To treat genetic diseases by therapeutic gene transfer, it is usually necessary to integrated the therapeutic gene into a chromosome of the host cell. However, this has led to clinical adverse events in patients receiving gene therapy for SCID-X1, in which integration of retroviral vectors activated cellular proto-oncogenes, leading to transformation of gene-corrected cells. Thus the gene therapy community has become intensely focused on the question of where gene transfer vectors integrate in the human genome. The FDA has even mandated that integration sites be analyzed as a step in monitoring for possible adverse events. The Bushman laboratory has established a unique collection of technologies for analyzing integration site populations based on DNA bar coding, pyrosequencing, and custom bioinformatic tools. Using these high throughput methods, populations of integration site sequences can be generated of up to 105 bases of sequence in a single one day run. In one published study, we generated and analyzed the placement of 40,000 unique sites of HIV DNA integration in the human genome. Here we propose to apply these methods to systematic analysis of patients from the French SCID-X1 trial. We have initiated massively parallel sequencing studies of longitudinal DNA samples from some of the French SCID-X1 patients, with the goal of understanding the evolution, ecology, and ultimate fate of transduced cells. So far, we have generated ~128,000 integration site sequence reads from 80 patient samples for a total of ~33,000,000 bases of DNA sequence. For the first time, we can begin to estimate the numbers of transduced cell clones contributing to the gene-corrected cell pool. We can ask how populations of gene corrected cells change over time. In preliminary studies, we find a troubling decline in clone diversity in our two best-studied patients, suggesting """"""""clone burn out"""""""". We can ask whether insertional activation of genes involved in growth control leads to outgrowth of clones even in the absence of clinical adverse events. For those patients who suffered adverse events and were subsequently treated by chemotherapy, we will ask how the chemotherapeutic treatment affected the size, diversity and dynamics of the gene-corrected cell pools. We will also analyze adverse events in animal models and, longer term, integration sites generated in new clinical trials. We propose to work in close collaboration with the French SCID-X1 team to complete the following Specific Aims:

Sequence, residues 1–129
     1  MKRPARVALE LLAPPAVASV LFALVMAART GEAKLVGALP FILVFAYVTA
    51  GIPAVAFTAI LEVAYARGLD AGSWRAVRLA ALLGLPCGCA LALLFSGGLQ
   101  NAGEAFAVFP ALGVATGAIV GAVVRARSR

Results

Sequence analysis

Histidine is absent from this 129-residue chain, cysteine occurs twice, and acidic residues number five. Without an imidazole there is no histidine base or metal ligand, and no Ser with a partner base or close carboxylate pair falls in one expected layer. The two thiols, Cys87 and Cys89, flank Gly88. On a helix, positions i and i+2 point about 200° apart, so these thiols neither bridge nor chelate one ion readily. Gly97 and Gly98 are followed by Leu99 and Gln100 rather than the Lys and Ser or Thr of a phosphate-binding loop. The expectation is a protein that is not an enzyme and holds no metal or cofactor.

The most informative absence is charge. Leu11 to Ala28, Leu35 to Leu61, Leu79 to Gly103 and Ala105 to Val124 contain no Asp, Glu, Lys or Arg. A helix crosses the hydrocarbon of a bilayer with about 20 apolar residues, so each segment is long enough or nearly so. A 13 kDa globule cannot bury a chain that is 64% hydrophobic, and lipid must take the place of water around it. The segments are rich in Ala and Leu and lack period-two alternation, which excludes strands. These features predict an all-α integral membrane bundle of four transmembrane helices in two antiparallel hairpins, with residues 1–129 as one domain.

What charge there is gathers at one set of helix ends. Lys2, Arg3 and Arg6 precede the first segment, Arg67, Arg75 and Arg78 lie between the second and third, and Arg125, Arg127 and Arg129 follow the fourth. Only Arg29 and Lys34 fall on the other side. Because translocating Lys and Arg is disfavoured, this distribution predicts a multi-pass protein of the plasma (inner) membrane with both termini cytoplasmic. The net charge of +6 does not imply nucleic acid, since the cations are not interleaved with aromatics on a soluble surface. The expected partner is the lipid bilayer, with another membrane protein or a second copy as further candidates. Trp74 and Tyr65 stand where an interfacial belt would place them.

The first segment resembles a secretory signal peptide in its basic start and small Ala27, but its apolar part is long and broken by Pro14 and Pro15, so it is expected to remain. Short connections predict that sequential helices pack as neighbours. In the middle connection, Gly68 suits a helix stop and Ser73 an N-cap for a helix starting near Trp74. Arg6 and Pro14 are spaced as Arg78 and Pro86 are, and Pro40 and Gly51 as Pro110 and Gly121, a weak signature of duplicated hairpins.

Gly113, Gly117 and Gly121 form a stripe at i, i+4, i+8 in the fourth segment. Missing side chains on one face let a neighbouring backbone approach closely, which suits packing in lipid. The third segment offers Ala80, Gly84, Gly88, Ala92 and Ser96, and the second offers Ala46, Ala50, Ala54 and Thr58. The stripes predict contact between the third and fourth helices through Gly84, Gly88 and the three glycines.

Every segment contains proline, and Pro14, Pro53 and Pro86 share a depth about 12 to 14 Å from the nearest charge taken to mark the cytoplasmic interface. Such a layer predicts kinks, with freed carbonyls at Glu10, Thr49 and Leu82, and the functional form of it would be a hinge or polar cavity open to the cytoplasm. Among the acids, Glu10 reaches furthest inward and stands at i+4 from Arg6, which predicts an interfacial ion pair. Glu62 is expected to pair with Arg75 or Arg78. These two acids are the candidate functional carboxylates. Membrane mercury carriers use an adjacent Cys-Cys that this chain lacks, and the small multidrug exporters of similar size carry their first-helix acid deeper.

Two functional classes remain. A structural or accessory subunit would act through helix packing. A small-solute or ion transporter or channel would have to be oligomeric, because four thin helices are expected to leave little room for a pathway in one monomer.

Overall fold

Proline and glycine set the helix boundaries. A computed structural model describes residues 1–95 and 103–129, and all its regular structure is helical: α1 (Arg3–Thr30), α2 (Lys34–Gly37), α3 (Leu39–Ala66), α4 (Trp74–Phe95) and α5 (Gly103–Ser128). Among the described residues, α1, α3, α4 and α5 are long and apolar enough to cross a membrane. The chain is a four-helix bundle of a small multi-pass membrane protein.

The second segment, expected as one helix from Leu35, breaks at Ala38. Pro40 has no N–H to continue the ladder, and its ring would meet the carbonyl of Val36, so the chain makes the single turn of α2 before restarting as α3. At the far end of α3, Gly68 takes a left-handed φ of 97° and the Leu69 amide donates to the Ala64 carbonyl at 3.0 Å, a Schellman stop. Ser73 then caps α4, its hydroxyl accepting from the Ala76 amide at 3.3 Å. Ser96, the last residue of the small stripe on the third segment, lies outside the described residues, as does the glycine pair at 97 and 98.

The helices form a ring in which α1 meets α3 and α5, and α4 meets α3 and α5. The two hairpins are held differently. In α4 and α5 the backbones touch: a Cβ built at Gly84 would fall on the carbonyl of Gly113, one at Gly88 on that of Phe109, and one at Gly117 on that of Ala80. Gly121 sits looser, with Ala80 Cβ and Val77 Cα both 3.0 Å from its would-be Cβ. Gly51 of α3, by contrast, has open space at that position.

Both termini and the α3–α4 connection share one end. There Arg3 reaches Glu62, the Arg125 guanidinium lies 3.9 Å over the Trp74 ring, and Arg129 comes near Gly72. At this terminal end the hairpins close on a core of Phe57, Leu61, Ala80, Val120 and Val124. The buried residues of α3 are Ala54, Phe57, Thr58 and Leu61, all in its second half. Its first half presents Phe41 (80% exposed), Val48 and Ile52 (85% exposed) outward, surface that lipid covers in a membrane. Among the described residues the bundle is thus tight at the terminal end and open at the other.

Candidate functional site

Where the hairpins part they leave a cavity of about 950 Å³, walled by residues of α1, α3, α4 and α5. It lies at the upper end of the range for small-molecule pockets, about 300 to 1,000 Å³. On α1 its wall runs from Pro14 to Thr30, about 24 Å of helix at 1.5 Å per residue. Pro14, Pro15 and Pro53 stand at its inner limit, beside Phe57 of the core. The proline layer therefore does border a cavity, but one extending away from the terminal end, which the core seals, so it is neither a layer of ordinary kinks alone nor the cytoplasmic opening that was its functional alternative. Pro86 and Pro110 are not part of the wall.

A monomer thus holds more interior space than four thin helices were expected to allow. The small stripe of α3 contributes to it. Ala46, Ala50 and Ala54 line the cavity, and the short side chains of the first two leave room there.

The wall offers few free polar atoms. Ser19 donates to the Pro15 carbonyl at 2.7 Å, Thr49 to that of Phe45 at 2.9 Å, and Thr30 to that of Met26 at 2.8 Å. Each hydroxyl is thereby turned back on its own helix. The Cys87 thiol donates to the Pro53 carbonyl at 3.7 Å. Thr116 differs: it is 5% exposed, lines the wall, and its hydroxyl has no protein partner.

Aim 1. Determine the total numbers of integration sites present in samples from SCID-X1 patients.
Aim 2. Determine how the number and distribution of integration sites changes over time in SCID-X1 patients.
Aim 3. Determine integration site locations and relationship to genotoxicity in preclinical models and new clinical trials.
Success has been achieved with human gene therapy for SCID-X1, but adverse events due to insertional activation of proto-oncogenes and leukemia have caused severe setbacks. Here we propose to apply massively parallel pyrosequencing to analyzing vector integration in samples from the historic SCID-X1 trial.
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